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Robots in security and Law Enforcement

Back in June we wrote about the implications that changes in technology and progress within the field of Artificial Intelligence may have for the security world.

We also touched briefly on legal use of force with regards to new technology, Fast forward a month to July and we witnessed the Dallas Police using a bomb disposal robot take down Micah Johnson after he shot dead five members of their department.

Whilst this is not the first time a robot has been involved in the killing of a person (think weaponised drones) it's the first time the Police have employed such a tactic. The Robot in question was a 790 lb Remotec Andros Mark VA-1, which is normally utilised for bomb disposal duties, it's target on the 8th of July an ex. US Military Engineer who whilst had served in Afghanistan had never served in a front-line combat role.

After shooting five officers dead Johnson managed to get into cover in an area that made any attempt to detain him peacefully impossible, he also threatened to initiate explosive devices and kill more officers. The Chief of Police David Brown then instructed the SWAT team on the scene to get creative.

Necessity being the mother of invention, the SWAT team modified the robot with a simple explosive charge taped to it's arm, the robot was driven to Johnson, the charge detonated and the stand-off was ended.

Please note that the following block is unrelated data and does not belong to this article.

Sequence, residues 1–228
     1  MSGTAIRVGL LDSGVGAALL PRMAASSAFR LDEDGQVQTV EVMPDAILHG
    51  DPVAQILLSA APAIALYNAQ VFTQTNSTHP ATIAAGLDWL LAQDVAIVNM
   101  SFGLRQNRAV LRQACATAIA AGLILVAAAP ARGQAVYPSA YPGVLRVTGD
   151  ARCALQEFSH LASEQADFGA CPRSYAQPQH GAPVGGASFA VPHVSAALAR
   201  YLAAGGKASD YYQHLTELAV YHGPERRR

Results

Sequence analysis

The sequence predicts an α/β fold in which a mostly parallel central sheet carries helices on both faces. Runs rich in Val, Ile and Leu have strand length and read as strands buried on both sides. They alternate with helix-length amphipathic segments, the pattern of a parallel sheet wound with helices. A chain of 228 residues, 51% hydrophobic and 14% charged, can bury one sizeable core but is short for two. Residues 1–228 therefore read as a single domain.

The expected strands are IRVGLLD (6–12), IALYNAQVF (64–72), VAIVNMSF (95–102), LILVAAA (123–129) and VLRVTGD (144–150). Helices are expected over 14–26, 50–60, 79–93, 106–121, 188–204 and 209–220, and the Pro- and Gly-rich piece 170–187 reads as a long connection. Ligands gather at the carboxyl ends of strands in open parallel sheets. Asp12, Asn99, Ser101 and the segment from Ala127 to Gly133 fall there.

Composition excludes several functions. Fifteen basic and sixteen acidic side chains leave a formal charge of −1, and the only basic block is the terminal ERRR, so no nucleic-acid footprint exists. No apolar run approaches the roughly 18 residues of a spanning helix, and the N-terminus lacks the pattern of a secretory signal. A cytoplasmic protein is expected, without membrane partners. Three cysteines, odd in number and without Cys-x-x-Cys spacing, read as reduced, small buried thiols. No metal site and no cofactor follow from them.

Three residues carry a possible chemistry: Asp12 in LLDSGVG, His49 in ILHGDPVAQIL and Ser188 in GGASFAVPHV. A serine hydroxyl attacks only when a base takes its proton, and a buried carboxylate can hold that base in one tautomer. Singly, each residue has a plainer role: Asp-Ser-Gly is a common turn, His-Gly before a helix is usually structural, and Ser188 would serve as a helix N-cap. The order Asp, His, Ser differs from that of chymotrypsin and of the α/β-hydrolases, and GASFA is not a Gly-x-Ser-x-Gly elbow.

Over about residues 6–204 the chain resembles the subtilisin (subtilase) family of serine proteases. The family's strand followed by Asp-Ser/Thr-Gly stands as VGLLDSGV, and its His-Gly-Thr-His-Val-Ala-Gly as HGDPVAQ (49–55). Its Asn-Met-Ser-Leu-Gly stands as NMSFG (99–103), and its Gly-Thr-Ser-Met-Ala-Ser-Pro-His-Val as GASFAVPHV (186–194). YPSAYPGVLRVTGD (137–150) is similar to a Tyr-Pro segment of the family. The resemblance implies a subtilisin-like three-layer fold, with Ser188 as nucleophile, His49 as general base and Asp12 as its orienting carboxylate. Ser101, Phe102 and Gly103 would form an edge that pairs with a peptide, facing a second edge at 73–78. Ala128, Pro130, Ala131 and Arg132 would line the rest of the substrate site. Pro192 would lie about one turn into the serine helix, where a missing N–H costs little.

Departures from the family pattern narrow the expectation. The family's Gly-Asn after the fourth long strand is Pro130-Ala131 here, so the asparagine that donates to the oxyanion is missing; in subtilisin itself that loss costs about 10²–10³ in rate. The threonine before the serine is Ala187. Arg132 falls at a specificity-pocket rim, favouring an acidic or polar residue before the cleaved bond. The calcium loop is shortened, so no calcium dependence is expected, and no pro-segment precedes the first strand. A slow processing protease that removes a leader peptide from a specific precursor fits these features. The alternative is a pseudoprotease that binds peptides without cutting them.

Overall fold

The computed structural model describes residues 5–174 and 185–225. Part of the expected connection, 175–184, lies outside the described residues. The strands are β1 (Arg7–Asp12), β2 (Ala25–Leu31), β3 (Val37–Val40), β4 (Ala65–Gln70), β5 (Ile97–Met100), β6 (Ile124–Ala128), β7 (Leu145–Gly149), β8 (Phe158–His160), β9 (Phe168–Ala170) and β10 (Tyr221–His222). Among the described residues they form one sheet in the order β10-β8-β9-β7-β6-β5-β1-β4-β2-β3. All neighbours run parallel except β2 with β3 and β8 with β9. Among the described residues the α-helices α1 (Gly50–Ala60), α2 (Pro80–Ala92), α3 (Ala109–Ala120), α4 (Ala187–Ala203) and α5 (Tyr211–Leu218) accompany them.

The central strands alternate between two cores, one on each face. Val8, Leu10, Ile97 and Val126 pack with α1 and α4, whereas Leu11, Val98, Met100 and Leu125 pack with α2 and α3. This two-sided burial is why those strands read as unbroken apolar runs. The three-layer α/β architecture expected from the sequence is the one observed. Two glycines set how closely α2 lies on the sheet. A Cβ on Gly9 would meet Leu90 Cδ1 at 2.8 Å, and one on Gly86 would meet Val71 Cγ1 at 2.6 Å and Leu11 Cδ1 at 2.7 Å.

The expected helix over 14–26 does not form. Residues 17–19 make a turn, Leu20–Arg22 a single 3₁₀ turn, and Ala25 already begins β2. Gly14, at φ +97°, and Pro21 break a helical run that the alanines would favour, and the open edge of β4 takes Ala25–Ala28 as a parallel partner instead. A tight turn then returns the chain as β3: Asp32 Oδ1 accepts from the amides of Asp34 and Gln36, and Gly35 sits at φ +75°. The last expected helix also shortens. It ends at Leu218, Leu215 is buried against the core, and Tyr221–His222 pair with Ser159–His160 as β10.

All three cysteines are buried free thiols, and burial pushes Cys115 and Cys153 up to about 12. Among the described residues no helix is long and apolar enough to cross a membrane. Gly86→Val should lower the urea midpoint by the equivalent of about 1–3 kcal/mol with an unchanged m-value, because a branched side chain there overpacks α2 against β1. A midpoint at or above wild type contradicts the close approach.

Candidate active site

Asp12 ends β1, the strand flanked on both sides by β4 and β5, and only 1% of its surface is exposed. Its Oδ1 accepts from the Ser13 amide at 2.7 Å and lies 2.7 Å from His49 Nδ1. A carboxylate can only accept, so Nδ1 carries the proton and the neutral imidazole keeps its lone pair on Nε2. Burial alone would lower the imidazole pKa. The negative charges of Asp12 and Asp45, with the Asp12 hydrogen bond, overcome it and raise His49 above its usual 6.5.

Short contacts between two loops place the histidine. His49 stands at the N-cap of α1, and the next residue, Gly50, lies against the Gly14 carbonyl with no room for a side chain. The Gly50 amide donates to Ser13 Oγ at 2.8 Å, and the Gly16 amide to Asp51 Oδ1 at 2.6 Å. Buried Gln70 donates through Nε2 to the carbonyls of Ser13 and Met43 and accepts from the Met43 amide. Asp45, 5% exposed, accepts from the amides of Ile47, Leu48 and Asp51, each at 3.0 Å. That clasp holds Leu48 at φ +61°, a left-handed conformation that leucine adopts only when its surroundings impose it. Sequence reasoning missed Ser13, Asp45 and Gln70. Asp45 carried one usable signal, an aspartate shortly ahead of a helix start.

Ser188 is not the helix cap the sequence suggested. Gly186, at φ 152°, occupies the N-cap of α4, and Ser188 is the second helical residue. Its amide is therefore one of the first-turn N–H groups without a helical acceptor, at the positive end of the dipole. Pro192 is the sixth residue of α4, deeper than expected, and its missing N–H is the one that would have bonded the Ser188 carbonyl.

In this situation we can view the robot as another tool in the Police departments arsenal, but the fact it was a robot and not a human that ended the life of Micah Johnson does not sit easy for many, perhaps they are worried that this is the thin end of the wedge in a Police force that is becoming more militarised and a world which is seeing the roles of humans become more and more automated.

Perhaps people are worried about the ethics with regards to a robot carrying out a killing without trial? There are some that speculated the robot could have been fitted with a device to incapacitate rather than kill - i.e. Gas or a Taser. Either way, in this situation, a shoot to kill order was clearly legally justified due to the behavior of target and it's likely in the future we will see more robot devices carrying out such roles.

The question is, as AI and learning algorithms improve, and the devices learn to make decisions for themselves where will they see the threat? Where will they see the target, we can only hope that machines of super-intelligence don't start to implement their own, learned rules of engagement that see us as the bad guys.

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